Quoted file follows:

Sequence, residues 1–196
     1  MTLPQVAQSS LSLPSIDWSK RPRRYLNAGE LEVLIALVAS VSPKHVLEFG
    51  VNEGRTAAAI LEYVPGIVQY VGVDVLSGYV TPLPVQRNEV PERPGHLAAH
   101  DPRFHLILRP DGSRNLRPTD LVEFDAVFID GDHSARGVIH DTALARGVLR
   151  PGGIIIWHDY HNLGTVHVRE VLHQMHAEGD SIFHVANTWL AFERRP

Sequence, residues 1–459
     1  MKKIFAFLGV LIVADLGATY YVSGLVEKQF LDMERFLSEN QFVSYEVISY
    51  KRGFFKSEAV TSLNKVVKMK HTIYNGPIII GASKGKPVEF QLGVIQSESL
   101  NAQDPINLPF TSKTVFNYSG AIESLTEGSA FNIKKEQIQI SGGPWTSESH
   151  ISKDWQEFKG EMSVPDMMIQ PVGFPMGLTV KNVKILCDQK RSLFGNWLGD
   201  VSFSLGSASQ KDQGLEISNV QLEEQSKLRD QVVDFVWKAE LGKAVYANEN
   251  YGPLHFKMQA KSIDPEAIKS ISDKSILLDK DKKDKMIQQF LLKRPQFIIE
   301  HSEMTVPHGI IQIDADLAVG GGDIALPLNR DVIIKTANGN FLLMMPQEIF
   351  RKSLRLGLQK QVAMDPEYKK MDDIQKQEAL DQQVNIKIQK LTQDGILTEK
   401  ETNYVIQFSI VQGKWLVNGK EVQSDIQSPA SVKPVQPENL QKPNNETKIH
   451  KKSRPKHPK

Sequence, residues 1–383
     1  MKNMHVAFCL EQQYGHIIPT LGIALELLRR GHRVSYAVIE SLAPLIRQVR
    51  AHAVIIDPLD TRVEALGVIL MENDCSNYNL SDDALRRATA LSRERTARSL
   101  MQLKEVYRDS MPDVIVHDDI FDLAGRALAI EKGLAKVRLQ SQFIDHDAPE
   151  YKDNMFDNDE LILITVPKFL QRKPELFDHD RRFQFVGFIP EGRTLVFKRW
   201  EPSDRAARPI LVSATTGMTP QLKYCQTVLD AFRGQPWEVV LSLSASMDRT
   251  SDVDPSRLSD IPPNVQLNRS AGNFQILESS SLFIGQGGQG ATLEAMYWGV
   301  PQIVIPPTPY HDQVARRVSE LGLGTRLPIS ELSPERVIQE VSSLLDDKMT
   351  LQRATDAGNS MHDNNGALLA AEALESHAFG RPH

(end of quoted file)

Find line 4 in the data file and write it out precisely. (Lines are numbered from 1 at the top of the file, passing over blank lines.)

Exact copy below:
   101  DPRFHLILRP DGSRNLRPTD LVEFDAVFID GDHSARGVIH DTALARGVLR